It’s Not Broken

Interesting post from Isaac about the role of the director (and part of the ongoing and much-commented-upon “director as creator” vs. “director as interpreter” debate. This bit struck me:

Directors often do a bad job by treating a script as bad, as a thing with problems that need to be fixed. If you’re condescending to the work of art that is the basis of your own work of art, bad, ego-driven work will result– IT’S MY JOB TO SAVE THIS PIECE OF CRAP FROM ITSELF is hardly a good place to make choices from…. There aren’t bad plays. There are hard plays. Some plays are really really hard. When you approach material as hard rather than bad, new possibilities open up.

That condescending approach is often what you get in writers’ groups, as well. And one reason I’ve very much liked the feedback approach we’re evolving at the Just Theater PlayLab.

Some groups immediately jump in with the “Here’s what’s not working and here’s how to fix your play.” Our group assumes that any questions left at the end of a piece are intentional until proven otherwise. We ask what effect you as a writer are going for and if we have any suggestions, it’s not “here’s how to fix your broken play” but “here’s an idea on how to do what you’re doing even stronger/quicker/etc.”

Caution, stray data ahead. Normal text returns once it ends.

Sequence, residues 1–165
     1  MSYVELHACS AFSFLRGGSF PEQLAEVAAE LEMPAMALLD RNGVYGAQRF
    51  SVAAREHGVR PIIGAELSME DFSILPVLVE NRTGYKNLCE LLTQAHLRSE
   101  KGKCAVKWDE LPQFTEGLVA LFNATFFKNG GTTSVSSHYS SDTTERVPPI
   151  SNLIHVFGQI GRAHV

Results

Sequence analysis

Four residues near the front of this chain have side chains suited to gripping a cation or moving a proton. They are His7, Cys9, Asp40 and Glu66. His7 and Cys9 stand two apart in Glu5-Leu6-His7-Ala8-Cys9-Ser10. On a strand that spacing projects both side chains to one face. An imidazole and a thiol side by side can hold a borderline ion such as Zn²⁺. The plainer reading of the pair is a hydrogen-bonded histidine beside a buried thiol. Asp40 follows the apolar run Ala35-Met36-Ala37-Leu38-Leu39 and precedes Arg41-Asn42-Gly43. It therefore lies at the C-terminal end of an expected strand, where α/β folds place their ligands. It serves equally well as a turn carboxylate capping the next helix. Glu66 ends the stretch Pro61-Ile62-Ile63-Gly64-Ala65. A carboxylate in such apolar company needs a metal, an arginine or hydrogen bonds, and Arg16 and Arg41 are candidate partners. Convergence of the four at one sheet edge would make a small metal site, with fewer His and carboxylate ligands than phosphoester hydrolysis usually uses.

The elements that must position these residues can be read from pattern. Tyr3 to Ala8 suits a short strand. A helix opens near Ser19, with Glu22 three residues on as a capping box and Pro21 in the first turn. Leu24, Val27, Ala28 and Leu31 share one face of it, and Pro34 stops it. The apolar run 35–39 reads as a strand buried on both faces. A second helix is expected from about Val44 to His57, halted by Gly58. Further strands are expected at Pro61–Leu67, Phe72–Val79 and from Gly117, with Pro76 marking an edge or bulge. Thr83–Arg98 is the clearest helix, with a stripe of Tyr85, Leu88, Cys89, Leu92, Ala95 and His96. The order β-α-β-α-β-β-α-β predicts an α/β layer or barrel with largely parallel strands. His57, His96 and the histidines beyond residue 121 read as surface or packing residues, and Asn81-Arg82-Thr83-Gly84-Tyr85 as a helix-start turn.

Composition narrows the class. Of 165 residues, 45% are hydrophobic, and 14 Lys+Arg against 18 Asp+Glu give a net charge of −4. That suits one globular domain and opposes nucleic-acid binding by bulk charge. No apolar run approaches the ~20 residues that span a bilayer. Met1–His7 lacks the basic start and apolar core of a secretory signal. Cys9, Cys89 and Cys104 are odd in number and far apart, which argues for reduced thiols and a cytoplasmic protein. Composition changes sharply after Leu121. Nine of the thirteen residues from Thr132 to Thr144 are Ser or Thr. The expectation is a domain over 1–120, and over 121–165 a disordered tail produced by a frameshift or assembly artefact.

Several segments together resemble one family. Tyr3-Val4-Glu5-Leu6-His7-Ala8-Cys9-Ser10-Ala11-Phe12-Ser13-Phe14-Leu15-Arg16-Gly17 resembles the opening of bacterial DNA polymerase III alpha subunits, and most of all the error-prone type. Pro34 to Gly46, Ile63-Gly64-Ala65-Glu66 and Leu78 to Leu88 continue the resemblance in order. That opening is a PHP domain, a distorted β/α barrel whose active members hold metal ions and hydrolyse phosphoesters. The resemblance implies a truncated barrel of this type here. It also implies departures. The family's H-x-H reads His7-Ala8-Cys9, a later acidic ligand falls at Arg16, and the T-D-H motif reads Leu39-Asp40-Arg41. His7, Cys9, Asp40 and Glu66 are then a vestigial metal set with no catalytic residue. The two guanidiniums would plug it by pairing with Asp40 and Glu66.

And we’re always quick to point out what we think is working really well. I’ve been in groups where the writer comes back with a new draft that cuts all the good stuff because they assumed it wasn’t working, since no one mentioned it. In the early stages of writing, especially when you haven’t even written a complete draft, it’s almost more important to hear what people are liking and being affected by than to hear an opinion on what each person thinks isn’t quite there yet.

Anyway, it’s nice being in a writers’ group where, at the end of the evening, the writers want to thank each other instead of wanting to kill each other.